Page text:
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Suzuki Vitara vs Citroen C4 Cactus

The latest Suzuki Vitara takes on one of our favourite small SUVs, the distinctive Citroen C4 Cactus

Words ByWhat Car? team

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Suzuki Vitara vs Citroen C4 Cactus

The contenders

Citroen C4 Cactus 1.2 PureTech 110 S&S Feel

List price Β£16,815

Target Price Β£15,810

The attention-grabbing Cactus has already seen off a host of rivals, including the Nissan Juke


Suzuki Vitara 1.6 SZ-T 2WD

The Vitara is a new compact SUV that's cheap to buy yet remarkably well equipped

List price Β£16,250

Target Price Β£15,345


Remember the old Suzuki Vitara? It was something of a fashion statement back in the late 1980s and early 1990s, but hasn’t enjoyed much limelight over the past decade or so.

Suzuki hopes this latest version will change that. It's designed to land the firm a slice of the increasingly lucrative small SUV market, so features lots of modern kit, and smart styling, for an attractive price. Is this enough to beat the quirky and characterful Citroen C4 Cactus?


What are they like to drive?

These two small SUVs might cost similar money and compete in the same class, but they have very different engines. The Cactus has a three-cylinder 1.2-litre turbo petrol that puts out 109bhp, whereas Suzuki has equipped the Vitara with a 1.6-litre four-cylinder petrol, which produces 118bhp.

True, both cars can get from 0-60mph in 9.5sec. However, while the Vitara’s engine needs to be revved hard before it starts to perform, the Citroen’s pulls strongly from just 1500rpm. This makes it easier to maintain snappy progress and means fewer gearchanges are required in everyday driving.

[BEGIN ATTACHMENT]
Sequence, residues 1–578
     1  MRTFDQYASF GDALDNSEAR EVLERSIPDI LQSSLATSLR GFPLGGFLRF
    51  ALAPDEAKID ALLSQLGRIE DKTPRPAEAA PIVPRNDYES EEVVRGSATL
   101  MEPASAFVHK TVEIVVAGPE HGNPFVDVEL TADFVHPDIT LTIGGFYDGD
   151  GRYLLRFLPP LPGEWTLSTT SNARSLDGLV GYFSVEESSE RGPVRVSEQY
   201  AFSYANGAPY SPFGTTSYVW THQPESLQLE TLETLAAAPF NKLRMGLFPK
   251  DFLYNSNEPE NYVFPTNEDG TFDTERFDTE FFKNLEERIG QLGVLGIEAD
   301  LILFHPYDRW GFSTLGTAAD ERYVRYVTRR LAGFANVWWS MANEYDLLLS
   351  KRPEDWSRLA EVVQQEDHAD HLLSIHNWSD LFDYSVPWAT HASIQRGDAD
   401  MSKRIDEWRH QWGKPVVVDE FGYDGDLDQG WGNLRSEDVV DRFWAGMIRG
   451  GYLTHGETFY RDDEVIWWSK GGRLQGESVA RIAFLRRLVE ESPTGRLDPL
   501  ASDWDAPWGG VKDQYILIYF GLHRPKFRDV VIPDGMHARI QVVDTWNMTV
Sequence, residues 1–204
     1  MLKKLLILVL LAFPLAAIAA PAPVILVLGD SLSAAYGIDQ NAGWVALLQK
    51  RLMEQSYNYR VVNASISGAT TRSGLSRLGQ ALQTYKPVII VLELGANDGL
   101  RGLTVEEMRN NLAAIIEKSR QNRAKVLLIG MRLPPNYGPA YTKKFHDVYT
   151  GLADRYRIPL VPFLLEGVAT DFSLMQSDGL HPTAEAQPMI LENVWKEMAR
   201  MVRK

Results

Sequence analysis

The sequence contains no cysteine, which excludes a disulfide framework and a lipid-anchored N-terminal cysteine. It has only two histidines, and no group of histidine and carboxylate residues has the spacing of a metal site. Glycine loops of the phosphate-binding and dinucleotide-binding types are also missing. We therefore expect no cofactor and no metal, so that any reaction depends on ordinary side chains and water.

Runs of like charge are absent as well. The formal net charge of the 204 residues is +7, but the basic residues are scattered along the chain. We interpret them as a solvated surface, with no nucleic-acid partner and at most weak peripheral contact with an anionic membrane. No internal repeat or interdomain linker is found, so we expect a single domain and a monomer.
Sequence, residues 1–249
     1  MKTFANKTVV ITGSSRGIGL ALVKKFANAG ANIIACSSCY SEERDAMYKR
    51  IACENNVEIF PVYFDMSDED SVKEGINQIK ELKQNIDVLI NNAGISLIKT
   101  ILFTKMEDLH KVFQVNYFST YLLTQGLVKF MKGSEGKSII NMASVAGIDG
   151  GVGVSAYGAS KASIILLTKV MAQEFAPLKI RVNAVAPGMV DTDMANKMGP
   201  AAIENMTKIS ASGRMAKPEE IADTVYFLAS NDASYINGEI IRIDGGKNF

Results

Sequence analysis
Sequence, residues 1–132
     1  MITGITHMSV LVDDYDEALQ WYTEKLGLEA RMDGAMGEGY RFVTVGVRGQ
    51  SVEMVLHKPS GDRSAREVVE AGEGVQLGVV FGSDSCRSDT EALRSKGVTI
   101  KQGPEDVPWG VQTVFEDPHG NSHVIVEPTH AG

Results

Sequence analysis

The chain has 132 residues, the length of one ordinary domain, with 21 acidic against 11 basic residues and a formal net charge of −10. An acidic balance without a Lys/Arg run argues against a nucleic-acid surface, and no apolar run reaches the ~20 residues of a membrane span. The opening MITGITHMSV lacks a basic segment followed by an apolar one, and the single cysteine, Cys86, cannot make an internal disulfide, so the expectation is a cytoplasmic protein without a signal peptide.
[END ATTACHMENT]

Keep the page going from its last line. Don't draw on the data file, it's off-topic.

So, the Cactus has the edge in a straight line, but it isn’t as capable as the Vitara through corners. The Suzuki has relatively stiff suspension by small SUV standards, so doesn’t sway about as much as the softly sprung Citroen through tight twists and turns.

The Vitara has more front-end grip, too, although it is let down a little by its steering; this is precise but overly light, particularly around the central position, and it doesn’t weight up quickly enough in bends. Meanwhile, the Cactus’s steering is just as accurate but also weightier, which gives you a bit more confidence when cornering quickly.

Perhaps more pertinently, both cars are easy to manoeuvre around town and had similar braking distances in our tests. However, the Cactus’s brake feel is a little too sharp initially, which can take a while to get used to.

Despite the Vitara’s stiffer suspension, it tends to deal with most types of bumps better than its French rival. The softly sprung Cactus soaks up speed bumps well enough, but is flummoxed by pockmarked surfaces and potholes, which send nasty jolts through the cabin. The Cactus also feels comparatively wallowy over dips and crests in the road.

The Cactus is the more peaceful cruiser, though. Its engine is smoother and quieter at all speeds, and there’s a fair bit less wind and road noise to contend with on the motorway. It’s just a pity the gearshift is so vague; the Vitara’s is far more precise.

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